|Shayla Day is living her dream every time she walks into work.20-year-old Day is a tattoo artist at For Ink Sake Tattoo (FIST)in Atascadero, Ca., a fantasy job she never thought she would have.
Day got her first tattoo at 18: a patch of leopard spots on her right shoulders. While she was getting it done, she asked the artist about how she could get into the field, but the artist told her that it was nearly impossible.
“I never thought that it would actually happen,” Day said. “They told me apprenticeships were really hard to get.”
So Day scrapped that dream and decided to go to Cuesta College instead, where she studied graphic design.
But her hopes of becoming a tattoo artist were reawakened a year later when she went into FIST to get tattoos done with her mother. Day’s mother mentioned to the artist that she wanted her daughter to design her next tattoo, and the artist encouraged Day to bring in her portfolio.
She brought it in some time later, and the tattoo artists at FIST looked over her art, before agreeing to bring Day on as an apprentice.
“They said, ‘Yeah, you’re good. You can start next week,’ and I was like, ‘F**k yeah!’” Day said.
Deciding to take on an apprentice is a major decision for a tattoo parlor, and so has to be a group one, said D.J. Mattos, who has worked at FIST for three years. The artists there look for potential artists who have both talent and commitment, Mattos said.
“It takes a real passionate person to come in here and devote all their time to being here,” Mattos said. “I’ve gone through so many apprentices that have fallen off the wagon.”
Many tattoo parlors refuse to take apprentices at all because so many quit, Mattos said. At FIST, however, the artists want to give potential the opportunity to grow, Mattos said.
“When you find someone that has that talent you want to pull them in and give them that chance,” Mattos said.
But again, talent is not enough to take someone from tattoo enthusiast to professional artist.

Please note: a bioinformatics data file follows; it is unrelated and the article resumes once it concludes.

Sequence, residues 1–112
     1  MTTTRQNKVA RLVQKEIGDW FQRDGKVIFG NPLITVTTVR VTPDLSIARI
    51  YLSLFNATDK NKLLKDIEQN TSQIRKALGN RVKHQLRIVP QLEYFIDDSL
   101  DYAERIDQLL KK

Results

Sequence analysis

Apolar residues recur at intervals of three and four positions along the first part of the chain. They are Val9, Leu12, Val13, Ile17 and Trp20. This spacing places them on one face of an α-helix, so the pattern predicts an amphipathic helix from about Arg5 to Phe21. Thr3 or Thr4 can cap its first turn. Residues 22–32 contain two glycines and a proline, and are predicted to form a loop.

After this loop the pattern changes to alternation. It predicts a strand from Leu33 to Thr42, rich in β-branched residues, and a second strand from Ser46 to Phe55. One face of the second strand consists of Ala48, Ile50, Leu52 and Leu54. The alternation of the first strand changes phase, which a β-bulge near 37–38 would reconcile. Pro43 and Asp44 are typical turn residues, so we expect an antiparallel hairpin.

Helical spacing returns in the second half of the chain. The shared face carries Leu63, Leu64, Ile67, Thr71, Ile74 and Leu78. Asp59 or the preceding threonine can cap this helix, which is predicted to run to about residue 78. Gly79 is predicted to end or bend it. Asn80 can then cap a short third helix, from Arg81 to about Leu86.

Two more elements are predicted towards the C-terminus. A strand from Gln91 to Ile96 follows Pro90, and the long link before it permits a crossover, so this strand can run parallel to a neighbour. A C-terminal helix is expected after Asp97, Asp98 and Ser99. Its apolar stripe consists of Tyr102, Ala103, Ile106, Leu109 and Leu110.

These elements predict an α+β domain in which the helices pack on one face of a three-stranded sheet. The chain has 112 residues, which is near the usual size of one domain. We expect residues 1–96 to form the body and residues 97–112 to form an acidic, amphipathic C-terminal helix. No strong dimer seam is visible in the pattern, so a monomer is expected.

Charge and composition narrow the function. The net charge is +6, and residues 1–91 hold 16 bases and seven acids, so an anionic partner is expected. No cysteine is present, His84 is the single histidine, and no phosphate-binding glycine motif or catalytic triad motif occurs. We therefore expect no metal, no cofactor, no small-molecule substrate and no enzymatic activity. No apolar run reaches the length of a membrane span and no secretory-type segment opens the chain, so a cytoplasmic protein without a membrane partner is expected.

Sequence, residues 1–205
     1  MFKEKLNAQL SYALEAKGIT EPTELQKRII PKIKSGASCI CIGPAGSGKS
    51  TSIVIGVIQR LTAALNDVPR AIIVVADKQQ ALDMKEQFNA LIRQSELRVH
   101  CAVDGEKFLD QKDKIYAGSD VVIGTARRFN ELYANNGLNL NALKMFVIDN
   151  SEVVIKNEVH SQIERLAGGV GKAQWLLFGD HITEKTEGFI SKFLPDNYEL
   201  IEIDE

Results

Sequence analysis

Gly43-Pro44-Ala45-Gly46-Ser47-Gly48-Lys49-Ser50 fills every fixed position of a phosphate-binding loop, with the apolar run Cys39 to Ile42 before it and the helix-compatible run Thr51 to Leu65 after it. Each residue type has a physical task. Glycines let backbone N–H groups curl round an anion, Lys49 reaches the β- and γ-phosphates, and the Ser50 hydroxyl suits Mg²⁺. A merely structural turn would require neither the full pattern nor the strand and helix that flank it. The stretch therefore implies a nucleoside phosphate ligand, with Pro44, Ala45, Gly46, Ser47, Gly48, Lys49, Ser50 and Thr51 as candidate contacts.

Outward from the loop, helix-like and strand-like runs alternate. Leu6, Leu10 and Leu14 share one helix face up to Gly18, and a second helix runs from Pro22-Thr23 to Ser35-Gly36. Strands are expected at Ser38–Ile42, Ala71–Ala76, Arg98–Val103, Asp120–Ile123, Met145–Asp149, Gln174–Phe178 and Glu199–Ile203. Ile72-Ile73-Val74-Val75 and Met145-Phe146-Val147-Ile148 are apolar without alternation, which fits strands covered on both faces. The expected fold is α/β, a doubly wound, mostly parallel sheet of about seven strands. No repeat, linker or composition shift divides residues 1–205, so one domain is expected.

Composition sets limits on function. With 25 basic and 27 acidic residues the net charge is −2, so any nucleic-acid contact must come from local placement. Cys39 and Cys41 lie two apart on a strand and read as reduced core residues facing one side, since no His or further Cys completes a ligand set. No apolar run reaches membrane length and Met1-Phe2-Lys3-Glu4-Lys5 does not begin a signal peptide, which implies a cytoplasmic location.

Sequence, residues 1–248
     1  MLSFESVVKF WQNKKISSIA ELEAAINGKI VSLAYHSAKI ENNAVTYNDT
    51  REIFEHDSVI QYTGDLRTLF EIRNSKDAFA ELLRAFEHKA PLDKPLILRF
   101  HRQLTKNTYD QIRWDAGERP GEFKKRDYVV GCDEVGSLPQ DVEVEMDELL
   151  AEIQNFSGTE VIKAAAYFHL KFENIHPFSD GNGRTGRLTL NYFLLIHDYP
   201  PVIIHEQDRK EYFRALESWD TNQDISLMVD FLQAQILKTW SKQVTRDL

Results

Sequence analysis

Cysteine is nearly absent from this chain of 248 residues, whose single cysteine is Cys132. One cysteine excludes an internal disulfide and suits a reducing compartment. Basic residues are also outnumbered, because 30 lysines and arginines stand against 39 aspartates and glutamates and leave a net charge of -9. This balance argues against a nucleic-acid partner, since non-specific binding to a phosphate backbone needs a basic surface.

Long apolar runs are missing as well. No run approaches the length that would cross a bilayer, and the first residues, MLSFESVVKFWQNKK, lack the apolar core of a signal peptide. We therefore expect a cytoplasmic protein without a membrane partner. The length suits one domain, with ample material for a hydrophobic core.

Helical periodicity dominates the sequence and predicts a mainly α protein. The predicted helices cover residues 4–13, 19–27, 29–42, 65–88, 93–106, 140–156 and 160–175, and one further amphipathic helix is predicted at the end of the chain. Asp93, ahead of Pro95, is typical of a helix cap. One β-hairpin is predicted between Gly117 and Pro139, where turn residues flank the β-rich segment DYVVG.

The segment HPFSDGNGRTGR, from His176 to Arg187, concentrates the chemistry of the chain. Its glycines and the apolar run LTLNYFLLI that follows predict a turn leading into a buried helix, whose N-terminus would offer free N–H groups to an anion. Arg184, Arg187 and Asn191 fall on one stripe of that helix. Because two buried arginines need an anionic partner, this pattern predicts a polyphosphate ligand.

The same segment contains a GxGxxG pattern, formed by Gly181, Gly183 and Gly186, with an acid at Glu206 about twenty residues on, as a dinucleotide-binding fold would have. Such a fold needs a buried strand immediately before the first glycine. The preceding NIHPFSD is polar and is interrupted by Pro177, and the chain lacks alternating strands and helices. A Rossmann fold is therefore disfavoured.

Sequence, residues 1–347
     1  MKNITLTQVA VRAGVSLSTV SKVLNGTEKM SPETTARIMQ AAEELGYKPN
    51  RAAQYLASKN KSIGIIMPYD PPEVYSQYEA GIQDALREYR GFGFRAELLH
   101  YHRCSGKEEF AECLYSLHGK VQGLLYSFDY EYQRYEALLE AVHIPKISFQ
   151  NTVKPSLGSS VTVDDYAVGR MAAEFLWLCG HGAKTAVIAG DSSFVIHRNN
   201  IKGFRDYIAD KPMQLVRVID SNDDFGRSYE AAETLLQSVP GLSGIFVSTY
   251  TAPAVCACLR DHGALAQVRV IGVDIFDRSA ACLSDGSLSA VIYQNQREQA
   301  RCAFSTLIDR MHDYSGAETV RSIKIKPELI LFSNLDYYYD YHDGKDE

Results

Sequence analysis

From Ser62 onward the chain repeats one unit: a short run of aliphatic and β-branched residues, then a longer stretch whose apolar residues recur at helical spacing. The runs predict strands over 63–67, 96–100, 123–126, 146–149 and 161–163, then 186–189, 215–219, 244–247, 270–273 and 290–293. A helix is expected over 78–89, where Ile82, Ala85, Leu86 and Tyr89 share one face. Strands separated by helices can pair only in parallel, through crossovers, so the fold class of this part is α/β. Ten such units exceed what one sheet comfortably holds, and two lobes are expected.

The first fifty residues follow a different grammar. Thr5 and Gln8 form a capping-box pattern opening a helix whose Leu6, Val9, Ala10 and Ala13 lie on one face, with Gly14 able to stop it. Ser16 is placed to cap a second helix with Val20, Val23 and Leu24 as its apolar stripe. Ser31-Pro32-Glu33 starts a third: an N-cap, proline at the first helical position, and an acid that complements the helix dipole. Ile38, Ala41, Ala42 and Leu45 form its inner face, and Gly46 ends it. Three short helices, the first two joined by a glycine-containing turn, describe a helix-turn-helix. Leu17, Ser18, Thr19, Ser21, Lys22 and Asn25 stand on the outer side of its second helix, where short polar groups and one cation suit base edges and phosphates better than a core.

This is because being an apprentice at a tattoo parlor can be a grueling job, Day said. Aside from coming in early to clean and sanitize the shop, Day was also at the beck and call of all of the artists at FIST.
“You’re pretty much the shop bitch,” Day said.
In addition, the artists would send her on embarrassing errands or make her do push-ups as a way of hazing her.
Sometimes, they would mark a quarter, tell Day to go get change for it from the gas station across the street, and once she had come back, they would order her back to the gas station to retrieve the same quarter.
“It’s to test how bad you want it,” Day said.
Along with running errands and sanitizing equipment, the artists at FIST trained Day in tattooing, with her practicing on melons and synthetic skin first, Day said.
After several months, they told her to start using people to practice on.
“They’d say, ‘Go get some of your friends and tell them you’ll give them a free tattoo,’” Day said.
After some time, they told her to up the price to $20, then $60. Finally after she had been apprenticed for eight months, the other tattoo artists told her that she was free to charge whatever she wanted.
Since then, Day has been steadily building up her own clientele based on friends and word-of-mouth, as well as the odd person off the street who leaves pleased with her work.
“There’s always walk-ins that you get and they’re like, ‘Oh, I’ll come back to you next time,’” Day said.
Everyone at FIST has their own specialties and preferences, Day said, and even though she’s relatively new to tattooing, she already knows what she likes, and what she absolutely won’t do.
“I don’t do portraits at all,” Day said. “I’m really scared I’m going to mess them up.”
That doesn’t stop her from doing a variety of different pieces, however, in a range of different styles. Day has done tattoos of pixie frogs, skeletons, horses and stylized wings.
If someone has a request for a specific style, she goes online and looks at as many examples of that style as she can before sketching, Day said.
And Day’s dedication to quality shows in her work, according to her clients. Those stylized wings that Day researched were a tattoo for Lizzie Christie, Christie’s second tattoo from Day.
Day originally tattooed a raccoon, Christie’s spirit animal, on Christie’s arm, when Day was giving tattoos for $60.
The raccoon was so well done that Christie went back several months later for a pair of loopy, detailed fairy wings.
“I’ve had people actually tell me that they don’t like tattoos but they like my raccoon because it’s so well done,” Christie said.
After a year at FIST, Day said she couldn’t see herself anywhere else.
“When they told me to bring my portfolio in I was like, ‘No way, no way, no way!’” Day said.
Today, she’s a full-fledged member of the team.
Q&A with Day
Q: What’s the weirdest tattoo you’ve ever done?
A: A smiley face on a butt.
Q: What was the first tattoo you did on a live person?
A: It was a little nuclear bomb with a banner and skull and cross bones on it.
A: Black & gray.
Q: Texts or graphics?
A: I like pictures more than words. I really do.